Jeep CJ Gauge & Sender Diagnostics
Short Cuts

By: John Foutz - 3/2000

CJ Speedometer

This article only covers gauges and sending units used in the AMC Jeep CJs built from '72-'86, but some of this information will be useful for owners of other Jeeps. There are some slight variations with the Jeeps built from '72-'75, but starting in '76 things remain pretty consistent for 10 years.

About the Gauges

The meter movement in all the gauges have a built in dampening mechanism which keeps the needle from bouncing around. The dampening mechanism is basically some thick grease on the movement's pivot points.

The reason all the meters are dampened is because the senders do not have a very constant resistance. If you put a good testing meter on the sender while the motor is running you will see the resistance bounce all over the place. The dampening averages out the reading. This also is why it takes a few seconds for the needles to come up to position instead of snapping to a reading.

When ordering replacement fuel and temperature gauges for your Speedometer cluster, Stewart Warner brand are considered the best. These have "C" and "H" as well as the "E" and the "F" in the stock OEM orientation.

Imported after-market gauges have these ranges reversed, both are 12v, and have a different wiring and post setup. Use their instructions and diagrams during replacement.

About the Sending Units

The oil pressure sender is similar to the fuel gauge sender. The mechanical parts are different, but after that it is basically a coil of resistance wire wrapped around a card and the wiper moves across the winding to change the resistance. The higher the fuel level or engine oil pressure, the lower the resistance. With less resistance, more current flows and the gauge reads higher.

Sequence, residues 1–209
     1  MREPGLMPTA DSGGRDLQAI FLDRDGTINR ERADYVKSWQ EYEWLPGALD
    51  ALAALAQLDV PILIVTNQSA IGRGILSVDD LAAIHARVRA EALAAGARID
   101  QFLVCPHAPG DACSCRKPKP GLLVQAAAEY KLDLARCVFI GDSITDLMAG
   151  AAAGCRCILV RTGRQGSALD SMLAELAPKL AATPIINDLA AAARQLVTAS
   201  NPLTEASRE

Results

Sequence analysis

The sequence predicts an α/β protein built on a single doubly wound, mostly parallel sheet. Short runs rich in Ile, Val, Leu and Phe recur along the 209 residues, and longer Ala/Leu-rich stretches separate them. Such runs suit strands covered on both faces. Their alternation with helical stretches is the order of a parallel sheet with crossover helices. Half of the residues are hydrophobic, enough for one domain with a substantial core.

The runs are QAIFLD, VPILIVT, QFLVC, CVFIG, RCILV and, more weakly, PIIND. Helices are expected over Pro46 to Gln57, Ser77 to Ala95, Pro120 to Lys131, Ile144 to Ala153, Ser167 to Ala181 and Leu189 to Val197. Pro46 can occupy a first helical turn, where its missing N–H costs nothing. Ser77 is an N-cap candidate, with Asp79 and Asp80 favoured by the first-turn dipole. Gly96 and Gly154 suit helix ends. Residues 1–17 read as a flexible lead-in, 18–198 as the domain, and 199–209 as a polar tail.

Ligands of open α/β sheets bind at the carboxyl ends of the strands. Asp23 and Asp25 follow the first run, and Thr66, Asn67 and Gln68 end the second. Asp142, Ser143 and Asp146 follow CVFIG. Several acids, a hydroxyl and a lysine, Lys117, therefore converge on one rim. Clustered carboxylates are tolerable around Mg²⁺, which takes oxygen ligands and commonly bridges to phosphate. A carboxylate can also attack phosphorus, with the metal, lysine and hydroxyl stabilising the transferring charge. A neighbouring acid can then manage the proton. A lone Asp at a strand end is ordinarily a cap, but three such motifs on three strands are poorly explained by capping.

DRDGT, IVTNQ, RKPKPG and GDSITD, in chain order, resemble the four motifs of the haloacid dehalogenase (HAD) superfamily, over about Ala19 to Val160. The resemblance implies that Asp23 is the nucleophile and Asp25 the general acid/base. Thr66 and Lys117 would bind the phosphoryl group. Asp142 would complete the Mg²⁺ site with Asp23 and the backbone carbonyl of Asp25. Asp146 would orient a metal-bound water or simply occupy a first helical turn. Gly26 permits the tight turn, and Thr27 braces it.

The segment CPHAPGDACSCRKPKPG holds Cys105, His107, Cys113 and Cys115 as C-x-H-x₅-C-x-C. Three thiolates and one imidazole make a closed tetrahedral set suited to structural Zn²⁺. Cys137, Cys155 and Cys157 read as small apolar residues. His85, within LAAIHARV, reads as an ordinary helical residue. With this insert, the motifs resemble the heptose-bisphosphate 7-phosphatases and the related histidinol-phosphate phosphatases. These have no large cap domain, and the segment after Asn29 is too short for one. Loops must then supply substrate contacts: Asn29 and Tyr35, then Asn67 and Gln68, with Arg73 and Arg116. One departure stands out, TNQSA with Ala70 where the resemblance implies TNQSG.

The oil pressure sender and fuel sender are both electro-mechanical devices but the temperature sender is not. The temperature sender is a temperature dependent resistor (Thermistor). The type in the Jeep is a NTC (Negative Temperature Coefficient) which means that as the temperature goes up, the resistance goes down.

Gauge Sizes

Oil Pressure2"
Volt meter2"
Speedometer cluster5-5/8"

Fuel and Temperature Gauges

Back of speedometer
Back of speedometer, fuel, and temp gauge

From the passenger side which is left to right in the picture:

Some manuals and gauges have the S and A terminals reversed on the temperature gauge. You can see the letters stamped in the insulation material around the posts. Either way, there is only one circuit loop inside the temperature gauge. The resistance test outlined below is still valid. A fine wire wraps around a bi-metallic strip and the heat caused by the resistance causes deflection of the strip and the connected meter. Like a light bulb, it will work no matter which way the current flows.

The jumper strap goes to a regulator that is inside the fuel gauge. A volt meter applied to the A terminal on the temperature gauge should fluctuate (plus and minus) near 5 volts. A reading of 12 volts on the temperature side indicates a bad regulator. 12 volts applied to the temperature gauge's A terminal will cook the gauge.